Second point. Incentive. While it may look to the casual watcher that footballers drop for anything and everything, that’s generally not the case. There are very clear rules with respect to tackling and what is and is not allowed. Example – 1 footed sliding tackle is allowed. A two-footed tackled is not. Neither is any tackle from behind. Under ANY circumstances. Any tackle that makes contact with the opposition player either before the ball or misses the ball entirely is a foul. Shirt-pulling is a foul. Jostling shoulder-to-shoulder for position (a ‘shoulder-barge’) is fine. Ramming your shoulder with intent to knock over the other is not. I am paraphrasing, but broadly speaking, these are the rules of the game. If I have the ball, a defender runs up and kicks me in the shins missing the ball, it is an illegal move. I have the right to draw attention to the illegal move and claim the advantage. Especially since it hurts like a b****. (Actually, a kick on the patella will leave you rolling on the ground, intentions be damned.). My point is here is there is a clear incentive for both a) staying on my feet post-contact and b) going to ground. Often the latter is tactically the smarter thing to do.
Third point. Philosophy and culture. Very often these claims of diving happen when teams from 1 of the 2 broad philosophical cants meet. With obvious bias, I shall name these 2 philosophies The Aesthetic and The Intense.
The Aesthetic – Adherents include the Iberian peninsula, Italy (in a way) and Latin and South American nations. Offensive philosophy is shaped around skill (dribbling for Iberia, passing for Italy, both for South Americans). An inherent aspect of this ‘beating’ the defender either a) leaving him for dead (highest form of Aesthetic) or b) drawing illegal contact (defender swings for the ball, misses and kicks a shin instead) and gaining the foul.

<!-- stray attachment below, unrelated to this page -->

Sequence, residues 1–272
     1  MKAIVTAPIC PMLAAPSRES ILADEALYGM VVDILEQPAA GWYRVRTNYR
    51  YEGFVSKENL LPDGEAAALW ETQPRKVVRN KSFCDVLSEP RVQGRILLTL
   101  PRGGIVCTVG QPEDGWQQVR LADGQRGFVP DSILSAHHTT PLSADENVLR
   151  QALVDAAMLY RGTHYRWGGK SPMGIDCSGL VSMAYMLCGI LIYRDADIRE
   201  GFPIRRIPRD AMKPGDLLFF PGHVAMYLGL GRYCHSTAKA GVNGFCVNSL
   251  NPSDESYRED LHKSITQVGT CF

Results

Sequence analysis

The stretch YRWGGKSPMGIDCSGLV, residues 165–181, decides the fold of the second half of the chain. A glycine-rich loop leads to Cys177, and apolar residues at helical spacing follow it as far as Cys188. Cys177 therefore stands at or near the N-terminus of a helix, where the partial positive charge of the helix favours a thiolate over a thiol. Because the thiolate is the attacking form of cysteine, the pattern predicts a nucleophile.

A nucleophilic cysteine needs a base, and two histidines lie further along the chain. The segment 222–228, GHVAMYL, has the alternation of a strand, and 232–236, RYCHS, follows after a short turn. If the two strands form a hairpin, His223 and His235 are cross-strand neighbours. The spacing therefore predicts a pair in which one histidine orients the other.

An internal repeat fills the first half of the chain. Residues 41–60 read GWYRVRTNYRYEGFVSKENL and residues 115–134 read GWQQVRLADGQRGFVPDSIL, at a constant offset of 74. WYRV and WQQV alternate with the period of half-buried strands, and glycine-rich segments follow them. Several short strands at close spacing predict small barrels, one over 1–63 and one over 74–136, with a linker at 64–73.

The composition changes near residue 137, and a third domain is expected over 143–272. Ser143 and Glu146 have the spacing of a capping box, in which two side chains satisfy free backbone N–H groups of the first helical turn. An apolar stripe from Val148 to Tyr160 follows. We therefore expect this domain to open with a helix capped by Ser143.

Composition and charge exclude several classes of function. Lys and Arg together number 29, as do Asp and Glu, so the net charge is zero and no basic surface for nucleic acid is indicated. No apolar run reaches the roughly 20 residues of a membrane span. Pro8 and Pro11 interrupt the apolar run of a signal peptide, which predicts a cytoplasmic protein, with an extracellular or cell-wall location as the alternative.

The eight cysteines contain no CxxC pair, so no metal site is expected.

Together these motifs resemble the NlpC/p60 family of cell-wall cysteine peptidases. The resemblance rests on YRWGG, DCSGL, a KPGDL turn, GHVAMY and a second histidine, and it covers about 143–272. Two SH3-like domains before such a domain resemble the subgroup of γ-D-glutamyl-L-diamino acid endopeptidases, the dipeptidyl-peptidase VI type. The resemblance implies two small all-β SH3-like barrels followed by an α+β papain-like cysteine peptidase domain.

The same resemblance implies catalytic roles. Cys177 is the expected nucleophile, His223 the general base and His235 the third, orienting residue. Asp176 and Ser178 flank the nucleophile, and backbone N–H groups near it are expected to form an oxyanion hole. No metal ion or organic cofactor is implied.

Defensive philosophy is based around ‘stealing’ the ball with little to no contact with the opposing player.
As can be seen, contact is heavily penalized under this philosophy.
The Intense – England, Australia, Germany(somewhat), USA and in a sense, African nations.
Offensive philosophy is shaped around a high-tempo physically-dominant play with the emphasis on ‘getting past’ the defender, either pushing, shoving, dribbling, dodging, outrunning, or how have you.
Defensive philosophy is similarly intense, and involves ‘stopping’ the player as much as the ball, with hard crunching tackles a perfectly valid form of defense.
This philosophy has a higher proportion of aerial play, less controlled possession and more mutually ‘challenging’ for the ball.
Hence, when 2 teams from different philosophies meet, there will be fireworks. When an english defender slides in with a crunching tackle, he is a)using a perfectly valid tool and b)expects the opposition to ‘ride the challenge’ and ‘get past’ the defender. However, the opposition player, a diminutive Portuguese feels that the defender has a)blasphemed with such crude physical play and b) he himself has reached his objective of drawing illegal (in his head) contact and goes down.
Bottom line. It’s not that simple as “footballers are theatrical”. Yes, there is diving. I hate it. Its slimy and demeaning. There are theatrics. and there’s Football. It’s all part of the game.